EGU General Assembly 2022
© Author(s) 2022. This work is distributed under
the Creative Commons Attribution 4.0 License.

Simultaneous CO2 and 14CO2 atmospheric inversions over Europe to quantify fossil fuel CO2 emissions

Carlos Gómez-Ortiz1, Guillaume Monteil1, Ute Karstens1,2, Sourish Basu3,4, Samuel Hammer5, and Marko Scholze1
Carlos Gómez-Ortiz et al.
  • 1Department of Physical Geography and Ecosystem Science, Lund University, Lund, Sweden (
  • 2ICOS Carbon Portal, Lund University, Lund, Sweden
  • 3NASA Goddard Space Flight Center, Maryland, US
  • 4University of Maryland, Maryland, US
  • 5ICOS Central Radiocarbon Laboratory, Heidelberg, Germany

The concentration of atmospheric carbon dioxide (CO2) has increased since the pre-industrial era (1750) due to human activity leading to a warming of the global land and ocean surface of 1.0 ± 0.2 ºC over the last 30 years could reach 1.5 ºC between 2030 and 2052. A better understanding of the fossil fuel CO2 emission sources is essential to develop strategies to reduce these emissions, and thus trying to stop the global warming produced by the accumulation of CO2 in the atmosphere. Policies to achieve these reductions require accurate and robust estimates of these emissions by a monitoring system based on independent atmospheric observations. This system must be able to separate the impact of anthropogenic CO2 emissions from the effect of the complex natural carbon cycle, which both affect atmospheric CO2 concentrations.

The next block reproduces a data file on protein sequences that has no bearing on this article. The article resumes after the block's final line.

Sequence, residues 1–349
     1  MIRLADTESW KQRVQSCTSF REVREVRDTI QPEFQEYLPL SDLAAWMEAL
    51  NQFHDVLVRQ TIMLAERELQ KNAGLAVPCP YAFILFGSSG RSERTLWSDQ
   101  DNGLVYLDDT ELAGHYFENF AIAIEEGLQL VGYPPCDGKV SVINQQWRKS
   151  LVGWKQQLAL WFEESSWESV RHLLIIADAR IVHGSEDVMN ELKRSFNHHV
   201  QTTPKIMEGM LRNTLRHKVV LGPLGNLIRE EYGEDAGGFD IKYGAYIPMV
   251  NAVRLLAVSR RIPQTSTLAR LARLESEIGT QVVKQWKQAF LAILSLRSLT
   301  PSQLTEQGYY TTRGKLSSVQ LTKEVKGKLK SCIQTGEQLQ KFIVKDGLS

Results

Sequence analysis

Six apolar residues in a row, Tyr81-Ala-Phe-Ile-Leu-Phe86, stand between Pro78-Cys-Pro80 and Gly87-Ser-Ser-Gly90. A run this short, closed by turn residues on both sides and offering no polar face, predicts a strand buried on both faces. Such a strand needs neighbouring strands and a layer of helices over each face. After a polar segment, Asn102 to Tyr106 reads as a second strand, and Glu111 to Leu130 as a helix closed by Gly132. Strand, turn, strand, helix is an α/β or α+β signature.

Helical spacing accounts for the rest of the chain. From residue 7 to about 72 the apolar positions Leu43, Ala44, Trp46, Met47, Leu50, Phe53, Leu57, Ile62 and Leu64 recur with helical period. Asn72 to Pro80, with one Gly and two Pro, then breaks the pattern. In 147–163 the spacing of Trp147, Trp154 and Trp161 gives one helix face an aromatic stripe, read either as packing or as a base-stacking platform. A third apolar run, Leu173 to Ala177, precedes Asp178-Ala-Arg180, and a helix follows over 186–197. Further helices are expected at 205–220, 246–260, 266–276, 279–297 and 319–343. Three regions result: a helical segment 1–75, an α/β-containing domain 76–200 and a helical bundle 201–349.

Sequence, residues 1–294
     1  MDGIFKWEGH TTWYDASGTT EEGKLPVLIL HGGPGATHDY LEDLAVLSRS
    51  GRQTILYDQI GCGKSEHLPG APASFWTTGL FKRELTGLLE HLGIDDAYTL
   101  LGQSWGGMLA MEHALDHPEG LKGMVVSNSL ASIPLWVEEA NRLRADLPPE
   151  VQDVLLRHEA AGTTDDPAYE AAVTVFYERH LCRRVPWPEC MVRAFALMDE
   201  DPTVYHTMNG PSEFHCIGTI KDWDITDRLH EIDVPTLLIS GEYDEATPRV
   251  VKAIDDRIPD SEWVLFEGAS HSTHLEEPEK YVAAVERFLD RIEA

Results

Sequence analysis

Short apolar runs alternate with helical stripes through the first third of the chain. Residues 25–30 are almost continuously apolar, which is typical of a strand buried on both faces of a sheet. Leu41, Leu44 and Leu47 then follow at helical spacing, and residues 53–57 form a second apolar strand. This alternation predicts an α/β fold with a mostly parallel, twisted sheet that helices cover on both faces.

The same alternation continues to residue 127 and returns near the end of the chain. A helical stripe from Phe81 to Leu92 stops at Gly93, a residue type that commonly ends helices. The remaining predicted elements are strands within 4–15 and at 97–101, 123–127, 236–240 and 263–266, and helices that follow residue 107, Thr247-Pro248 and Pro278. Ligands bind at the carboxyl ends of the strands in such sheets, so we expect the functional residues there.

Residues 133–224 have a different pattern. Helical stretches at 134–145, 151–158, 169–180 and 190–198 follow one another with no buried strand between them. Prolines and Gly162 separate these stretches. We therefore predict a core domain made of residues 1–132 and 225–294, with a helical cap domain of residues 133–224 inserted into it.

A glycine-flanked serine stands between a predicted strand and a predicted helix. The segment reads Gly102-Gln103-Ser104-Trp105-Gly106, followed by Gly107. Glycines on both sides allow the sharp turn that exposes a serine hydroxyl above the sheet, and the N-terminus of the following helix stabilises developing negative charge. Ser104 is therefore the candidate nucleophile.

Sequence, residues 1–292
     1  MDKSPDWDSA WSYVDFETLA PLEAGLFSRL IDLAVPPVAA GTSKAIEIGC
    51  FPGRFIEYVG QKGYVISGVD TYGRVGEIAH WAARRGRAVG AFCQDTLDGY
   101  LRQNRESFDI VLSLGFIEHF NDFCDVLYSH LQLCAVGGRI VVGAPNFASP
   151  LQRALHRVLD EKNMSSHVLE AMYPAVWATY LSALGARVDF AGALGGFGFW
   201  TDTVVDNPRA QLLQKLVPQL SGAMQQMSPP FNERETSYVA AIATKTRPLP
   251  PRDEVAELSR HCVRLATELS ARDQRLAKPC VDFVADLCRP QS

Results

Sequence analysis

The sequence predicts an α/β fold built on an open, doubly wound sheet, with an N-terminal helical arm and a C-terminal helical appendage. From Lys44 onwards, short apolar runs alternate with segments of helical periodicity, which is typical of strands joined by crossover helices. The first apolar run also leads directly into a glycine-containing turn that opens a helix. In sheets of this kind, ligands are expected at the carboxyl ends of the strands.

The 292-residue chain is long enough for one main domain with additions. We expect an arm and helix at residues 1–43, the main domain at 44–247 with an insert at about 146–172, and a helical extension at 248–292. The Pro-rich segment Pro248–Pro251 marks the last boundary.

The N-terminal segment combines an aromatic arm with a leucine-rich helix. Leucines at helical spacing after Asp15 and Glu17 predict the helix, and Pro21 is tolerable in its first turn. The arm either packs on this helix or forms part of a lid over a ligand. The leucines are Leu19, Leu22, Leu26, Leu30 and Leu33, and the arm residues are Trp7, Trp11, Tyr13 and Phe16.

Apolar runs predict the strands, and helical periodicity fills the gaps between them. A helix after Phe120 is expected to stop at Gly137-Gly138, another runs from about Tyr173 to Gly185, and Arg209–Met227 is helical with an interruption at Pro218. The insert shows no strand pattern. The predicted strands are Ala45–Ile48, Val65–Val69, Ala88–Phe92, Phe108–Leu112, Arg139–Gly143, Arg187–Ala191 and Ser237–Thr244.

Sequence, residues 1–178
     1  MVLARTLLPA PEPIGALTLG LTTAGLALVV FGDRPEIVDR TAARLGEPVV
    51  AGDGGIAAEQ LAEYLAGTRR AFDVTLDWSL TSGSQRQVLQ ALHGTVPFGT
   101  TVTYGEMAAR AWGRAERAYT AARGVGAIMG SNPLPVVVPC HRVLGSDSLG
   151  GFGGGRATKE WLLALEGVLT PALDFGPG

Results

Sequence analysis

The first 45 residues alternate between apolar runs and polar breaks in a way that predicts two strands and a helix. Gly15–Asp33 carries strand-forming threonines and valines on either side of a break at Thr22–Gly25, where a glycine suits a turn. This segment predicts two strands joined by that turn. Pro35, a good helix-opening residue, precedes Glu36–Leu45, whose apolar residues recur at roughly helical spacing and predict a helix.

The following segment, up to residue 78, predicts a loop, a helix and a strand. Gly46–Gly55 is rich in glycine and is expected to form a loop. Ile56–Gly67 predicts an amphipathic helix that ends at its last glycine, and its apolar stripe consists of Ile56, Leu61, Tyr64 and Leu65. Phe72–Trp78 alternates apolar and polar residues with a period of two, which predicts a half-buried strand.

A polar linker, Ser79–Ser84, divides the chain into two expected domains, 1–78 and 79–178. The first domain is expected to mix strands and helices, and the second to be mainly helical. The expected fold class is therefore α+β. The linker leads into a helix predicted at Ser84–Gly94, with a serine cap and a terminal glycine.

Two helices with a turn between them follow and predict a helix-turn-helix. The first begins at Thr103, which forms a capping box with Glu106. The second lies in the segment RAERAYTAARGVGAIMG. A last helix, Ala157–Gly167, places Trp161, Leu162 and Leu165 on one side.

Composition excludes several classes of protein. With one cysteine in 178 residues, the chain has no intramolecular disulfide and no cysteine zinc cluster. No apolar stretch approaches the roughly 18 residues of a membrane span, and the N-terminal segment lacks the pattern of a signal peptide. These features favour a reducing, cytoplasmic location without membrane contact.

Radiocarbon (14CO2) measurements have been used in conjunction with total CO2 measurements on both local (e.g. Indianapolis and Heidelberg) and regional scales (e.g. North America and Europe) to separate fossil fuel CO2 fluxes from biogenic CO2. The estimation of fossil fuel emissions from atmospheric observations can, in principle, be done by inverse modeling. In this work we will use the LUMIA (Lund University Modular Inversion Algorithm) for performing a series of observation system simulation experiments (OSSEs) inverting simultaneously terrestrial CO2 and 14CO2 observations from the Integrated Carbon Observation System (ICOS) station network to solve for both the natural fluxes (mainly terrestrial) and the anthropogenic fossil fuel emissions, accounting also for the ocean and terrestrial 14C disequilibrium fluxes. The OSSEs will be performed on a spatial domain over Europe, with a spatial resolution of 0.1° for fossil fuel CO2 sources and 0.5° for natural CO2 fluxes and a weekly temporal resolution for natural and anthropogenic emissions and monthly for ocean and terrestrial disequilibrium fluxes 2009 to 2011. We will assess the suitability of the current ICOS 14CO2 observation network as well as potential extensions to estimate anthropogenic fossil fuel emissions.

How to cite: Gómez-Ortiz, C., Monteil, G., Karstens, U., Basu, S., Hammer, S., and Scholze, M.: Simultaneous CO2 and 14CO2 atmospheric inversions over Europe to quantify fossil fuel CO2 emissions, EGU General Assembly 2022, Vienna, Austria, 23–27 May 2022, EGU22-12406,, 2022.